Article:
Atong Atem: To be Real Image Courtesy of Museums Victoria, Photography by Ben Healley

Some PHOTO 2021 exhibitions now open


With COVID restrictions easing many of the wonderful galleries and arts venues across the state have opened their doors, meaning we can now get out and explore all that the creative state of Victoria has to offer.

We are super lucky that some of the projects and exhibitions in PHOTO 2021 are opening ahead of the festival dates, and there is no better time than now to get out and see work by incredible artists including Destiny Deacon, Tracey Moffatt, Trent Parke, Atong Atem and many more.


All exhibitions are free but may require registering for tickets in advance, see the links below for more information about each show.

Destiny Deacon, Kuku/Erub/Mer born 1957, Smile 2017, printed 2019 Melbourne, lightjet photograph from Polaroid photograph, 80.0 × 100.0 cm (image), Courtesy of the artist © Destiny Deacon

23 November – 14 February
The Ian Potter Centre: NGV Australia

Destiny Deacon (Kuku, Erub/Mer) is internationally renowned for her darkly comical work that offers a nuanced, thoughtful and, at times, intensely funny snapshot of contemporary Australian life. The largest retrospective of Deacon’s work to date, DESTINY is a collection of more than 100 photographs, videos and multi-disciplinary works made over more than three decades. The exhibition includes the world premiere of a new body of work, as well as an early collection of videos that have never before been exhibited at the NGV.



Atong Atem. Eva in Green, 2020. Courtesy the artist and MARS Gallery

To Be Real
23 November – 7 March
Immigration Museum

Surreal mythologies and constructed un/realities are brought to life in To Be Real, a major new commission by South Sudanese/Australian artist Atong Atem for PHOTO 2021. Atem is known for exploring migrant narratives, postcolonial practices in the diaspora and identity through portraiture. Her dynamic compositions are drenched with colour, pattern, and potent visual references.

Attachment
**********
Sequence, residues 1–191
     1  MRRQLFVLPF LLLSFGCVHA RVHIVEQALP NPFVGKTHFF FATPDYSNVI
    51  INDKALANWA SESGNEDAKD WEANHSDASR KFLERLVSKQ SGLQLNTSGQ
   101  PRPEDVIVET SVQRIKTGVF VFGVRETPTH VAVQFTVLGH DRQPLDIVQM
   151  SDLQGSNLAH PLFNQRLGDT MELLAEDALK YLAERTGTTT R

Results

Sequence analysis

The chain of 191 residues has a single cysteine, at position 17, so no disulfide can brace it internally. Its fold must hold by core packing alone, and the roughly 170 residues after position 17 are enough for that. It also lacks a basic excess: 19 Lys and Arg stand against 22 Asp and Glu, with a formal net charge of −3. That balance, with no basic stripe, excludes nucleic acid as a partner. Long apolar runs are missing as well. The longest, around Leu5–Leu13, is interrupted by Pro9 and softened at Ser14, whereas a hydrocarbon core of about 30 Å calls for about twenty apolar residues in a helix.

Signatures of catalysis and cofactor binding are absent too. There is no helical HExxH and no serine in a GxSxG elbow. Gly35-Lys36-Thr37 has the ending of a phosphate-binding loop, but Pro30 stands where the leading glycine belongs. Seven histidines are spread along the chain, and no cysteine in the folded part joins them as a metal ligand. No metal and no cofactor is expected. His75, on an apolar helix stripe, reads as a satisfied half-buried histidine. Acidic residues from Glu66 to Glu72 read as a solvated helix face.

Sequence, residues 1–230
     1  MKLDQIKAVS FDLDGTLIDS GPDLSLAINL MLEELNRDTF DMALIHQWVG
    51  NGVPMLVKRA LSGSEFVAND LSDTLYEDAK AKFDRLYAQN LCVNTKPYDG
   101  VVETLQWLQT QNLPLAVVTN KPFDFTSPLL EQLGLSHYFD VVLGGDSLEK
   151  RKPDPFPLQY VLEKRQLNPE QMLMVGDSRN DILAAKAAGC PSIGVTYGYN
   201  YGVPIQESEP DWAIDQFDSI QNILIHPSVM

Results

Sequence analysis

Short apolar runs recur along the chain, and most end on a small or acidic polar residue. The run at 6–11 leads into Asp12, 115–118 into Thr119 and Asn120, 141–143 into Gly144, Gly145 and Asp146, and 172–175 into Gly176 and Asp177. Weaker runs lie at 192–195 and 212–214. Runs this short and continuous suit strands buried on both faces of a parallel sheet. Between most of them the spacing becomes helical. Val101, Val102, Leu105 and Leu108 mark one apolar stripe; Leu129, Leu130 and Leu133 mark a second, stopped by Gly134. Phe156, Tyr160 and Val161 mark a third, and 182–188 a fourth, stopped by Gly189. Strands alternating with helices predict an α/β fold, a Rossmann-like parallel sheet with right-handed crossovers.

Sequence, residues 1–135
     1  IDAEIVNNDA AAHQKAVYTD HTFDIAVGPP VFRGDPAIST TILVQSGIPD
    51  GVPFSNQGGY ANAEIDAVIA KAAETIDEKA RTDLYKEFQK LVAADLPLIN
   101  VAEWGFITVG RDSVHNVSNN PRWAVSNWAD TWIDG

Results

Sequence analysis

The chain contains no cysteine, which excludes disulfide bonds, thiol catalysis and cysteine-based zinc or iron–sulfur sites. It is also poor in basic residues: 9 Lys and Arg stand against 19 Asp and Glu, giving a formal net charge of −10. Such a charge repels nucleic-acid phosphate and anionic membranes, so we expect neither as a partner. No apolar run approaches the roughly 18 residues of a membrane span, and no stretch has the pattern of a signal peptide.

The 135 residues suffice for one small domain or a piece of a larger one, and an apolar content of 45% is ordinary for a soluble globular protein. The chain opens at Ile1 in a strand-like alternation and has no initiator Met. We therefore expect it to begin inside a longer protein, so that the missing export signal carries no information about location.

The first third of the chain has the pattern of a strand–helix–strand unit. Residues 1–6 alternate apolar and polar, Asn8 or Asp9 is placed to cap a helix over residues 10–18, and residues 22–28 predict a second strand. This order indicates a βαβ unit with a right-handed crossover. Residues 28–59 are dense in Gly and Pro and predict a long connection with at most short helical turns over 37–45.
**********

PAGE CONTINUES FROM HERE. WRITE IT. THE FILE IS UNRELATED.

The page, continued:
Jana Schulz, Golden Boys. Iğdır. Maravilla. Monterey Park, 2018. Single channel video projection, 17:33 mins. Video still. Courtesy the artist

No True Self
9 September – 20 December
Centre for Contemporary Photography

Emerging artists from Austria, Belgium, Finland, Germany, Poland and Sweden reflect on the impact of technology on the presentation of self in this Australian exclusive. This exhibition reflects on the way digital technologies mediate our relationships through virtual and physical realities, and the effects on our performance of self.



Tracey Moffatt & Gary Hillberg, Artist (still), 2000, 10 minutes, looped video, sound. Courtesy the artist, Roslyn Oxley9 Gallery and Tyler Rollins Fine Art, New York

Montages: The Full Cut, 1999–2015
23 November – 14 March
Art Gallery of Ballarat

The full suite of eight montage films by Tracey Moffatt and her long-time collaborator Gary Hillberg. Created using deliberately-stylised artifice that references the history of art and photography, Moffatt’s work is celebrated for the masterful way it manages to communicate the highly personal alongside meanings of universal significance.



Trent Parke, Gunner Joseph Roy Kinsman 34405, 24th Field Artillery Brigade, The Avenue of Honour, Ballarat, Victoria, Australia, 2014, from WWI Avenue of Honour series. pigment print on paper. Purchased with funds from the Hilton White Bequest. Collection of the Art Gallery of Ballarat. © the artist and Hugo Michell Gallery

Ballarat Avenue of Honour
23 November – 14 March
Art Gallery of Ballarat

In honouring WW1 soldiers from the Ballarat region, photographer Trent Parke explores the tension that exists between an image captured at a moment in time, and the organic, evolving nature of a living memorial.



David Noonan, Untitled, 2019. Courtesy the artist.

14 November – 31 January
Art Gallery of Ballarat

Stagecraft brings together silkscreen collages on fabric, tapestries and film by Ballarat-born artist David Noonan. Renowned for repurposing found photographs, Noonan uses images from his personal archive to create ambiguous works, often with a focus on a solitary haunting figure.



Jacky Redgate, Unfold – Mirrors, doll, coaster and spoon set, toy sewing machine, 2016. Courtesy the artist and ARC ONE Gallery, Melbourne.

Hold On
7 March – 14 February
Geelong Gallery

Jacky Redgate is known for the systems and logic that inform her sculptural and photographic works. Hold On reflects on how she has recalled the autobiographical images and subjects of her juvenilia, while continuing to make conceptually based photographs over the past decade.